Romans were famously enamored of associating key moments in their own early history with important events and institutions in Greek history. Aeneas’ dual status as Trojan War hero and mythical ancestor of the Romans, and the putative visit of the decemviri to Athens prior to the publication of the Twelve Tables, undertaken in order to copy Solon’s law code and to investigate Graeciae civitatium instituta mores iuraque (Livy III.31.8), are perhaps the two best known instances of this phenomenon. Important and revelatory as these and other stories are for the historian interested in Roman national identity (see E.S. Gruen, Culture and National Identity in Republican Rome [Ithaca, 1992]), students of empire might do well to consider a different, and uncelebrated, set of parallels: Philip’s victory over the Greeks at Chaeronea in 338 BC, and Rome’s victory in the same year over the Latins and Campanians. As Kurt Raaflaub remarks in his contribution to the present volume, “both events mark in the Mediterranean world the end of an era that was dominated politically and culturally by independent city-states and the beginning of another era, of large territorial empires” (“Born to be Wolves? Origins of Roman Imperialism”, pp. 273-314; citation from p. 289). Identification of this important “coincidence” ( ibid) argues for an examination of imperialism in the Greaco-Roman world between 360 and 146 BC which takes into account Rome and Macedon on the one hand, as they acquire and exercise their new imperial powers, and the Greek city-states on the other, as they respond and seek to adapt to the new world order imposed on them first from the north, and later from the west.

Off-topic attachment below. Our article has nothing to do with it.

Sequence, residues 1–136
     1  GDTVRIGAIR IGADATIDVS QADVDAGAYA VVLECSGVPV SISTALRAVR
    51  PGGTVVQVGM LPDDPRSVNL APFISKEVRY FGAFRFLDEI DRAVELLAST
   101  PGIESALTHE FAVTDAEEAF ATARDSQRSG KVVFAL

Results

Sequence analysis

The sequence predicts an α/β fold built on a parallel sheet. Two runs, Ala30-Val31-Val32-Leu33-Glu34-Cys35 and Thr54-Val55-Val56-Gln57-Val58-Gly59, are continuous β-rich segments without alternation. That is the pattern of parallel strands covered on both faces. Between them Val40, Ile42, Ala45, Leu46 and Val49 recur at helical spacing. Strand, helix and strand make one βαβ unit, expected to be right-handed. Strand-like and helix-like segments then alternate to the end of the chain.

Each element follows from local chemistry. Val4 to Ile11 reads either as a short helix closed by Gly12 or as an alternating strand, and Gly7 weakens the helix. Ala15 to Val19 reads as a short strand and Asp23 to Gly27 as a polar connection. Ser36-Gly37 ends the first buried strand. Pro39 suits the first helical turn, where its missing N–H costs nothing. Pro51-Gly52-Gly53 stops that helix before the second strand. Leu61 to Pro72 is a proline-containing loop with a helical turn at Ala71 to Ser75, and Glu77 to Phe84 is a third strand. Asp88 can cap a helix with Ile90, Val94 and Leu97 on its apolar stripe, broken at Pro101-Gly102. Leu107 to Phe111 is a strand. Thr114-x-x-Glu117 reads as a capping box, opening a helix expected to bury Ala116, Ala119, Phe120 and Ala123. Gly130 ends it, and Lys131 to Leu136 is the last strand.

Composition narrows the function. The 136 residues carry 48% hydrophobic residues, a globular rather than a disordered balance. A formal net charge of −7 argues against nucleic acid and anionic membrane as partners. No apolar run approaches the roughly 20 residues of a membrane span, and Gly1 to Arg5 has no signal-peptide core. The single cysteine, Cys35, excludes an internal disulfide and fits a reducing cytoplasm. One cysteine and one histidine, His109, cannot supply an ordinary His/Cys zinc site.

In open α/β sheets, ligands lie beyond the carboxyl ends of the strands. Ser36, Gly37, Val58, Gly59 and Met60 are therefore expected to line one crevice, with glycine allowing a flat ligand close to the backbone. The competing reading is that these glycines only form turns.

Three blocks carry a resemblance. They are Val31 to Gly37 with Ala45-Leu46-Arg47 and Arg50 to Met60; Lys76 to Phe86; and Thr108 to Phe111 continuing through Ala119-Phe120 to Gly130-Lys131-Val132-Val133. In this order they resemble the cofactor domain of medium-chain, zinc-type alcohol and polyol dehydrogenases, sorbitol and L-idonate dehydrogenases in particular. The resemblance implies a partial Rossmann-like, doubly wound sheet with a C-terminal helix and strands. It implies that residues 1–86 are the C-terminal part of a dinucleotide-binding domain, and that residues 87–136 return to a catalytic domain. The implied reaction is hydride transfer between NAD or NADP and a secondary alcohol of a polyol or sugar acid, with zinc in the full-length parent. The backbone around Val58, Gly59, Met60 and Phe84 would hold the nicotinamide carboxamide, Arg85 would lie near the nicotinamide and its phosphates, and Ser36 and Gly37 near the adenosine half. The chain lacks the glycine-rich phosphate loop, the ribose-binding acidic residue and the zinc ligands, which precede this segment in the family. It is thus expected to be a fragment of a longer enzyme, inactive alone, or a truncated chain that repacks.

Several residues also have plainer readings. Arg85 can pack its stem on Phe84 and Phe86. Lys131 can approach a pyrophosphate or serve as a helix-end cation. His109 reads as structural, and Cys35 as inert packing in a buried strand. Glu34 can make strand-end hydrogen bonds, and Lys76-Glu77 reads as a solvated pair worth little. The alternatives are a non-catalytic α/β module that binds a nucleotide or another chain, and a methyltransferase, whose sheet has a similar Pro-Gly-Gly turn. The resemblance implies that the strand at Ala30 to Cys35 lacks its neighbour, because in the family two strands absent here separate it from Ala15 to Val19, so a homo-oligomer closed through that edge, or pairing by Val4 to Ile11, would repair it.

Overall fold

When conducted properly, as it is in this superb volume, such an examination can yield both useful general insights and a new understanding of individual episodes. For example, one might observe that for both Rome and Macedon the path to world power lay in skillfully playing by the rules of the existing game, and that only after succeeding in this way were they able to impose new forms of rule. John Buckler’s paper on “Philip II’s Designs on Greece” demonstrates how Philip “realized that he could turn Greek, especially Athenian, factiousness to his own ends” (pp. 77-97; citation from p. 92); and Valerie Warrior provides an analysis of the evidence in Livy for the interplay of traditional diplomacy “backed by a military task force” in Roman dealings with Greece in the early second century BC (“Evidence in Livy on Roman Policy Prior to War with Antiochus the Great”, pp. 356-75; citation from p. 363). One could further argue that neither at Rome nor in Macedonia was progress to empire inevitable or the imperial impulse innate. Raaflaub is explicit on this point with reference to Rome (p. 300), as is Buckler in his paper: “There is nothing … to suggest a master plan” (p. 91; cf. p. 84). Indeed, as Julia Heskel’s essay makes clear, serious challenges to Philip’s rule emerged in the wake of his ascension to the throne; although soon suppressed, they “affected … his policies for years afterward” (“Philip II and Argaios: A Pretender’s Story”, pp. 35-56; citation from p. 51). As such an example suggests, our impulse to generalize should always be tempered by recognition of the importance of the specificity of each society’s experience. It is hard to imagine a figure more Roman than Cato the Elder, or more Macedonian than Alexander. Jerzy Linderski’s contribution on “Cato Maior in Aetolia” (pp. 376-408) discusses a lesser known episode in the singular career of the former; and A. B. Bosworth argues for an interpretation of the latter’s emulation of Dionysos which insists on both its psychological plausability and its “political expediency” (“Alexander, Euripides, and Dionysos”, pp. 140- 66; citation from p. 156).